Eight Tips for Alternate-Energy Users

Wed, 11/23/2011 - 9:57am
Jon Titus, Senior Technical Editor


JonTitus-webYou might wonder what forms "alternate energy" can take. To me, alternate energy means a source of power not connected to local electric utility. Thus energy could come from batteries, photovoltaic cells, thermal arrays, and so on. But you cannot simply replace line power in a circuit with power from any one of these low-energy alternate sources. Based on my research and conversations with experts, I offer the following points:

1. Create an energy budget that sets the current and voltage envelope for your design. This overall budget will help you determine what components to use and what power sources to evaluate. The power budget has the same importance as the overall objective of your project. If you don't have a target, you won't know where to aim for power savings.

2. If you plan to use "harvested" energy, understand the implications of each type, wind, sun, vibrations, liquid flow, and so on. In almost all cases, you will need batteries to store energy for times when free energy isn't available. Batteries can range in size from AA cells to coin cells, and even down to a small SMT device such as the Cymbet rechargeable EnerChip solid-state battery that provides a 3.3-V output. Always examine battery-manufacturers' specifications to determine how ambient conditions and load characteristics affect battery life.

3. Each source of energy requires a different approach to power-conversion circuits. Piezoelectric sources can create hundreds of volts, but only in short bursts, while photovoltaic (PV) cells can produce lower voltages and higher currents. Choose power-supply and converter circuits with care and match them to the energy-harvesting sources you will use. Also, keep in mind external conditions that can affect energy harvesting. New construction could block wind and light, PV arrays will pick up dirt that attenuates sunlight, and vibration-energy harvesters have a fixed bandwidth.

4. Have a backup-energy plan. If one alternate-energy source doesn't meet all requirements, can you easily modify your design to adapt to another type of power source? Some energy-harvesting modules and circuits can handle several types of sources, but these components usually add cost and take up more board space than circuits created for a single type of power source. But the former offer more flexibility and give customer a variety of energy sources to choose from.

5. Take advantage of reference designs. Semiconductor companies have much experience with alternate-energy sources, battery chargers, and regulators. Their reference circuits can help you choose and evaluate circuits appropriate for a design. Companies also supply evaluation boards with many test points that simplify measurements. In October 2011, Texas Instruments announced a bq25504EVM-674 ultra-low power boost-converter design that includes battery management for energy-harvester circuits. The board works with most MCUs and 3-V coin-cell batteries.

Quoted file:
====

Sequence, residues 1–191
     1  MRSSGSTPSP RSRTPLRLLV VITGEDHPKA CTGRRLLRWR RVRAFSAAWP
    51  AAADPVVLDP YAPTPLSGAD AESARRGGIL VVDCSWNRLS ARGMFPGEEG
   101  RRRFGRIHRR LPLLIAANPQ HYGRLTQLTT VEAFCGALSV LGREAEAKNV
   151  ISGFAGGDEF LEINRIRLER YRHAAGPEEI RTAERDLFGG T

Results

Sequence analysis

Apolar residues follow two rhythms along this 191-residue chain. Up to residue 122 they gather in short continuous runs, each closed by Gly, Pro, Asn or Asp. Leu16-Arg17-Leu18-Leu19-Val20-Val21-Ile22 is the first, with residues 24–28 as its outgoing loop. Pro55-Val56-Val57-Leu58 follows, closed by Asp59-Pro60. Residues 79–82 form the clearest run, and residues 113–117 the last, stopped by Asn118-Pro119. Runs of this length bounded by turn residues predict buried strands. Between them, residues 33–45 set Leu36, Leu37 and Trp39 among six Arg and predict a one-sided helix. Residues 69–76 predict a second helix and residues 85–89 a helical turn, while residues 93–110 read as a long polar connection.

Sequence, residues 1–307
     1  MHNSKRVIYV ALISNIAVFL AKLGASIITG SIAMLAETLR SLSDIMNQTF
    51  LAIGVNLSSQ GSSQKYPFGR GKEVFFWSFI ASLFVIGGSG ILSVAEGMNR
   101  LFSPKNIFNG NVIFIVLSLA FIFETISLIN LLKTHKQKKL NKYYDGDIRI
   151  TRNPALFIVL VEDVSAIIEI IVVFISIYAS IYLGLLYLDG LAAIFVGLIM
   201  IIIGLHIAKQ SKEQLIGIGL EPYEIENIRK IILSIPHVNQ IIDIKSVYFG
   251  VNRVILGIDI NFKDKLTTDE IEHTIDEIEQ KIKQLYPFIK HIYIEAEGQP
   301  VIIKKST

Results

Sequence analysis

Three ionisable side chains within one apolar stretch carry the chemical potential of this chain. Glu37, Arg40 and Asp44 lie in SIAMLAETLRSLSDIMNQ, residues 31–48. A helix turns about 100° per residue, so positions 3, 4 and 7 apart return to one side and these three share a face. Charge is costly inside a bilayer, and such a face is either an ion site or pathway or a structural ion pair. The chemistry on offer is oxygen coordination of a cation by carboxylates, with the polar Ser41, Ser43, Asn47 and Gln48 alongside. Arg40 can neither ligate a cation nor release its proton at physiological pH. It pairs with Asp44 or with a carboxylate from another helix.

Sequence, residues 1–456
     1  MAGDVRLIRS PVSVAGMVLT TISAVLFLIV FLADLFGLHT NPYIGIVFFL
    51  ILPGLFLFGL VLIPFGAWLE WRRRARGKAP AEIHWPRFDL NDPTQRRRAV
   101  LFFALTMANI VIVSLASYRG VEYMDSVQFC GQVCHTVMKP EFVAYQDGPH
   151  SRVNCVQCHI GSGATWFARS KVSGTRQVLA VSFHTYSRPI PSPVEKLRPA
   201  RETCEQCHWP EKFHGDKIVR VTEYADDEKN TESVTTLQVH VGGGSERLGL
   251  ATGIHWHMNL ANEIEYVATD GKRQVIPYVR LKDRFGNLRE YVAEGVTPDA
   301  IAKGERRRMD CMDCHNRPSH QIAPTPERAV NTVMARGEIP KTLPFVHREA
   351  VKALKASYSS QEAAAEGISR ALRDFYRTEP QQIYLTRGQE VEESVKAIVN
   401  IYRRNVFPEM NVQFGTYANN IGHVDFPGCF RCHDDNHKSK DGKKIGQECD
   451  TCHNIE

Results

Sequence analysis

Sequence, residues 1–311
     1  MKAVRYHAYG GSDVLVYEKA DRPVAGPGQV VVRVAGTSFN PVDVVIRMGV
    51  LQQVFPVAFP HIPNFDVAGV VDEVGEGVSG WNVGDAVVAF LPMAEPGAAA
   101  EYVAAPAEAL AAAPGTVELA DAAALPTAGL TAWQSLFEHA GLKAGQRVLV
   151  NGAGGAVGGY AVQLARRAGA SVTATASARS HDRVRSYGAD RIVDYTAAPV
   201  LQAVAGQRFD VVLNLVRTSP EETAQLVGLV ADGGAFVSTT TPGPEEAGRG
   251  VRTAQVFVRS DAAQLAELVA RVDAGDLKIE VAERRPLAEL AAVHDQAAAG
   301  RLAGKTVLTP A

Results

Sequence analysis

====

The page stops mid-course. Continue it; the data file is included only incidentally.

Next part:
6. Because alternate-energy sources usually offer small amounts of power, carefully evaluate all components in your system for potential energy savings. Can you shut off or reduce power to some circuits when a system will not use them? Communication ports can waste power when not in use. Look for subassemblies, processors, and circuits can operate in standby or sleep modes. Microcontrollers in the MSP430 family, for example, let an internal ADC capture data and save it in memory even during "sleep" periods. Consider the transitions into and out of sleep or standby states, too. The longer the transition period, the more power a device uses during that phase.

7. Test your power assumptions. Tools from EnergyMicro and IAR Systems let you monitor current drawn by an MCU, and in some cases used by a complete system, and correlate it with the MCU code. A plot of power vs. code helps find periods of excessive power use and adjust code accordingly. You might find a high-power device, such as a wireless transceiver, continues to operate after program steps should have put it into a sleep mode. EnergyMicro recently announced a Battery Estimator tool that helps determine battery life for a microcontroller-based circuit.

Even minor code changes can help. As I noted in a column about low-power operations, when you use a register as a counter, count down rather than up. A down count automatically sets a flag when the count value reaches zero. But if you count up, you may need to obtain a value for a compare operation, which takes extra time and requires a memory transfer. (Ref. 1.)

8. In a wireless network, power requirements can help you choose an appropriate communication protocol. A WiFi transceiver, for example, must come up to full power and take time to connect with an access point before it can send data. But a network that uses IEEE 802.15.4 transceivers can quickly wake up, send its data, and go back to sleep. Simple protocols usually offer the best power efficiency. Keep transmissions short to save power at the transmitter and at the receiver. (Ref. 2.)


1. Titus, Jon, "Tips to Help Reduce Power Demands, ECN, January 2008.

2. Titus, Jon, "Wireless Sensor Networks Go the Distance," ECN, August 2011.

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